New story claims Trump’s son-in-law and Russian envoy discussed ‘bug-proof’ communications access before inauguration
U.S. President Donald Trump’s son-in-law, Jared Kushner, made a pre-inauguration proposal to the Russian ambassador to set up a secret, bug-proof communications line with the Kremlin, The Washington Post reported on Friday evening.
Kushner, a close adviser to Trump, went so far as to suggest using Russian diplomatic facilities in the United States to protect such a channel from being monitored, the Post said, quoting U.S. officials briefed on intelligence reports.
The Post story is yet another sensational element in the deluge of allegations raising questions about team Trump’s relationship with the Russians, whom U.S. intelligence agencies say tried to sway the November election in Trump’s favor and thus deny Hillary Clinton the presidency. And it ensures that Trump will be thrust right back into the din of the Russia scandal upon his return to Washington this weekend, following his first foreign trip, a tour of the Middle East and Europe.
The Washington Post said the secret comms proposal was made Dec. 1 or 2 at Trump Tower in New York, according to intercepts of Russian communications that were reviewed by U.S. officials. Michael Flynn, who would become Trump’s national security adviser before being fired 24 days into the job for not telling the truth about meetings he held with the Russian ambassador, was also at the meeting, the Post said.
The Russian ambassador, Sergei Kislyak, was surprised by Kushner’s idea of the secret channel and passed it on to the Kremlin, the Post said. It did not specify what came of Kushner’s alleged pitch, if anything.
The White House did not immediately comment on the Post report. But “not disclosing contacts which has been a pattern here. It raises a lot of questions,” Jim Himes, a Connecticut Democrat on the House Intelligence Committee, told MSNBC. “If it’s true that somebody did ask for some kind of private line, some kind of mode of communication that was secure that was unusual, boy does that raise a whole bunch of questions.”
Besides the Kushner developments, which strike at Trump’s core by drawing his family into the crisis, the White House also faces a cascade of other worries in the coming week. The Senate Intelligence Committee has “asked President Trump’s political organization to gather and produce all Russia-related documents, emails and phone records going back to his campaign’s launch in June 2015,” the Post reported. There was no immediate White House reaction.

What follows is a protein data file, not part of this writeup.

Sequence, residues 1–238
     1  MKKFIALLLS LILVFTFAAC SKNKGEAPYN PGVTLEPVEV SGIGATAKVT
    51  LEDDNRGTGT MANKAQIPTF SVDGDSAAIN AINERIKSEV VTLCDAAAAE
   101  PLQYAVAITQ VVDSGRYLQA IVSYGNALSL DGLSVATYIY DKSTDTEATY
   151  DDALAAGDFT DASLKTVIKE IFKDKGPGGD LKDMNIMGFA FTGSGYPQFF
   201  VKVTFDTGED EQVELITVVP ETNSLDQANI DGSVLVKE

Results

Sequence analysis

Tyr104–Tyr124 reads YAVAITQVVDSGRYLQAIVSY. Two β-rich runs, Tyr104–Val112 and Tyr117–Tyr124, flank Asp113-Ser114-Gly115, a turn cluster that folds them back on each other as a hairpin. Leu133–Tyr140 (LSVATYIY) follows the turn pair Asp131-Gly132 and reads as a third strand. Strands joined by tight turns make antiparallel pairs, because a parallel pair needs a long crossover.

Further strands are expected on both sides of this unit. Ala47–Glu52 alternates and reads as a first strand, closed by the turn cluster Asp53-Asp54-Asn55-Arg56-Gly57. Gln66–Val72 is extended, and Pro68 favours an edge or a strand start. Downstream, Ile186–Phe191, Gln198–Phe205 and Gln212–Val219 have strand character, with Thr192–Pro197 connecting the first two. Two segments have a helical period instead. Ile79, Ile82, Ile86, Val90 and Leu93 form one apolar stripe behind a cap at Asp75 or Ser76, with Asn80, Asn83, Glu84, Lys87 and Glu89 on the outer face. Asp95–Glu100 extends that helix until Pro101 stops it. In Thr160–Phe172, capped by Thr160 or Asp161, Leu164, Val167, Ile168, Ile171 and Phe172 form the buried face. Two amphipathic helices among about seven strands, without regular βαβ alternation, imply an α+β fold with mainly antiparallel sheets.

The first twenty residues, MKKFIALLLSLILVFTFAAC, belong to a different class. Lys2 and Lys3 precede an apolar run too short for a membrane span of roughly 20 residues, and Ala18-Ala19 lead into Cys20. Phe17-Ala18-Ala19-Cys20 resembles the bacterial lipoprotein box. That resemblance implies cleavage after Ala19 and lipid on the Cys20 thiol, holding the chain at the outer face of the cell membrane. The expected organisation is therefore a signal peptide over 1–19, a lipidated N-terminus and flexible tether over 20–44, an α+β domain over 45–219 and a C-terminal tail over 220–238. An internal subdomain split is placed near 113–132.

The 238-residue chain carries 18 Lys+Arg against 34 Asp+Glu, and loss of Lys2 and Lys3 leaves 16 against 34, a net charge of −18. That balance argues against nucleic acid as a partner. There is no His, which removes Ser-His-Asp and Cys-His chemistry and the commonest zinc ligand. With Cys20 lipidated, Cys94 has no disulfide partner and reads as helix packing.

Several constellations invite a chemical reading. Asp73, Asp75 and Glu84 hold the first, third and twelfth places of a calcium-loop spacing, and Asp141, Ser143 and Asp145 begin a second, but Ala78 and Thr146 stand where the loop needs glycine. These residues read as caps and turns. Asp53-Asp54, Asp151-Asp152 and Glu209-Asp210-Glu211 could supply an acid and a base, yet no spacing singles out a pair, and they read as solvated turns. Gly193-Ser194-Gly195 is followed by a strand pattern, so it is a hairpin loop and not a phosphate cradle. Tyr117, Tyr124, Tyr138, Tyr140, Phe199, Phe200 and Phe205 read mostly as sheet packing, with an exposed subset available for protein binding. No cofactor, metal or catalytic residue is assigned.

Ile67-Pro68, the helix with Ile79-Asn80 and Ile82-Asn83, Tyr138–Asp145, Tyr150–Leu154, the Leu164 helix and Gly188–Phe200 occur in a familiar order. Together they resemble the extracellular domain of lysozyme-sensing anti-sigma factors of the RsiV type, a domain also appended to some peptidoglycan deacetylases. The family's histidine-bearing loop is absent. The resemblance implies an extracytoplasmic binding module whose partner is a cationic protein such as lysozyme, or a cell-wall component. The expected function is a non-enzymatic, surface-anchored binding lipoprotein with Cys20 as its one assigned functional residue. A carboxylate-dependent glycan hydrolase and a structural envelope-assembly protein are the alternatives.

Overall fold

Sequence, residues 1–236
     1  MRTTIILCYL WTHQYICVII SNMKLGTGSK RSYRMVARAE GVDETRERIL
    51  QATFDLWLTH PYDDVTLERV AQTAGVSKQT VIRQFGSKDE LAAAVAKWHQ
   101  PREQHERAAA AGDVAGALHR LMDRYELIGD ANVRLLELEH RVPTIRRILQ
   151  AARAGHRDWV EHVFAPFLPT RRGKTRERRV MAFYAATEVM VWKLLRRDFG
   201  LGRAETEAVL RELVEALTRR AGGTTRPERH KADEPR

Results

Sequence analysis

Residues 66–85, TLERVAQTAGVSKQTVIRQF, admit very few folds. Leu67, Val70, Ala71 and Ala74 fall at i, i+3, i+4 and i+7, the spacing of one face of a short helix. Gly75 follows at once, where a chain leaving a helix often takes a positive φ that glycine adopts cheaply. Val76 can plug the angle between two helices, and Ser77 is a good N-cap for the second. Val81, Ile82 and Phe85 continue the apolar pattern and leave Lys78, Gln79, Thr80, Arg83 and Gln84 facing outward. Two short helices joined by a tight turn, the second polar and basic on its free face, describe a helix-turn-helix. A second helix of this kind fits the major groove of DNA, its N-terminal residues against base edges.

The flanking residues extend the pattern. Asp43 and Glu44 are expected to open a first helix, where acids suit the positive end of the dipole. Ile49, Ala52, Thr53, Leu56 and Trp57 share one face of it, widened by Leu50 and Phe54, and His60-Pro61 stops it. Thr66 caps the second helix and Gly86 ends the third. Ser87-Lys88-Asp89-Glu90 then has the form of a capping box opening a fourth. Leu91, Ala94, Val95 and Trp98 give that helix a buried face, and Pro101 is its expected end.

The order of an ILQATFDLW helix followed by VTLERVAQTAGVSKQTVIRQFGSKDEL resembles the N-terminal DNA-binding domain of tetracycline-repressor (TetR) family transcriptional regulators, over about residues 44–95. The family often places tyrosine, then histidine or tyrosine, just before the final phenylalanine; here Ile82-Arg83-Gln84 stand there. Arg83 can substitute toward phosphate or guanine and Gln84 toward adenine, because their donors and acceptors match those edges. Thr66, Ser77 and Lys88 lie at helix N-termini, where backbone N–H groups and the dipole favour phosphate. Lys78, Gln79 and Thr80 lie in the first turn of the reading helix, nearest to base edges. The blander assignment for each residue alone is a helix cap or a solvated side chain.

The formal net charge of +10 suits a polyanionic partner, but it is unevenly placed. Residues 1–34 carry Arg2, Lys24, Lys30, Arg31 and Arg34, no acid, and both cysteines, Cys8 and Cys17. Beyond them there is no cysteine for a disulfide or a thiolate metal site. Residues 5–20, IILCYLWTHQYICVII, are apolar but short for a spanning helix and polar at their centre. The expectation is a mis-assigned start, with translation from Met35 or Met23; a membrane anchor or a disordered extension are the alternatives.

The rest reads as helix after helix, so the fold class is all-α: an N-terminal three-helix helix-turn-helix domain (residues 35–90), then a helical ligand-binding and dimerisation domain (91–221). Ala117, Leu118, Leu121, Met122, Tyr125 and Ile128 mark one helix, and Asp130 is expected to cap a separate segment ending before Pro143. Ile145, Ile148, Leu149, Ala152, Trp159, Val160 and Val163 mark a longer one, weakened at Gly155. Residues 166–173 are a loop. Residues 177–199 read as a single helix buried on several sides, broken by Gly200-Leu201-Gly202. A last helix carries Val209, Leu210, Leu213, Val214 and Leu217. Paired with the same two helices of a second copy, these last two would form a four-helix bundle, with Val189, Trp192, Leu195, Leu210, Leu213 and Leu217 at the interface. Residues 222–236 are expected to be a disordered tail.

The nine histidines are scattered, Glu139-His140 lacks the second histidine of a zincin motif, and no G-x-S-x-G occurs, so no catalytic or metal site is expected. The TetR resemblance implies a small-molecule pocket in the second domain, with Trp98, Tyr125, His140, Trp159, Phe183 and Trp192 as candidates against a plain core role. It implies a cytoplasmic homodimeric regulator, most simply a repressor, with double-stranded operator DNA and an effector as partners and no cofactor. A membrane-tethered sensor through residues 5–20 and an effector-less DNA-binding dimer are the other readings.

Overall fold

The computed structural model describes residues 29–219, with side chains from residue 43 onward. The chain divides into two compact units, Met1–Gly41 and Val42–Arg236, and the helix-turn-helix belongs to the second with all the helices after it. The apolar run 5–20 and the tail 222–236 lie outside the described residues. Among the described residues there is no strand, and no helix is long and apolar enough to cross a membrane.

Fired former FBI director James Comey has promised to testify at a yet unscheduled open session before the Senate Intelligence Committee, sometime after Monday’s Memorial Day holiday. And the White House staff itself could be facing upheaval. CBS News reported that Trump is expected to consider plans for a shakeup of his communications operation upon his return.
But Kushner, the 36-year-old real estate developer who is married to Trump’s daughter Ivanka, is likely to take center stage in the coming days. Reserved in public, he was on prominent view during Trump’s first presidential trip, as befits a trusted behind-the-scenes adviser involved in everything from Middle East peace to an initiative to streamline the U.S. bureaucracy.
The Post reported earlier that investigators are focusing on meetings he held in December with Moscow’s ambassador and the head of a Russian bank that has been under U.S. sanctions since 2014. Kushner has offered to talk to Congress about these meetings, according to his lawyer Jamie Gorelick.
The Post and other media have been careful to note that their sources did not say Kushner was a “target” of the investigation, nor that he was accused of any wrongdoing. If he were a “target,” it would suggest Kushner was a main suspect of the investigation.
The Post reported last week that the Russia investigation had been extended to a top White House official as a “significant person of interest.” Kushner is the only person currently in the White House known to be under investigation.
At least four other former campaign aides or advisers have been reported to be under FBI scrutiny as well—Flynn, former campaign manager Paul Manafort, sometime Trump adviser Roger Stone, and ex-campaign adviser Carter Page.
The FBI investigation is now being overseen by Robert Mueller, a respected former FBI director who was given broad powers to pursue the case as a special counsel after Trump abruptly fired Comey on May 9. The key question before the FBI is whether the Trump campaign colluded with Russia in its effort to tilt the 2016 U.S. election in the Republican’s favor, which included a damaging hack of Democratic campaign emails.
Trump has denied any collusion, calling the probe “the greatest witch hunt” in American political history.
Former CIA director John Brennan revealed this week that intelligence chiefs had been looking into suspicious contacts between Trump campaign associates and Russian officials since mid-2016. The Senate and House Intelligence Committees are also investigating, but not with an eye to bringing criminal charges.
In early December, after Trump had won the elections, Kushner and Flynn met in New York with Kislyak. Kushner also met that month with Sergei Gorkov, chairman of VneshEconomBank, the state bank under U.S. sanctions since July 2014. Both those meetings have since been publicly acknowledged by the White House, but Kushner initially failed to declare them on forms submitted to obtain a security clearance. His lawyer later said it was a mistake, telling the FBI that he would amend the forms. Not making a full and honest statement can be a federal crime punishable of up to five years in prison.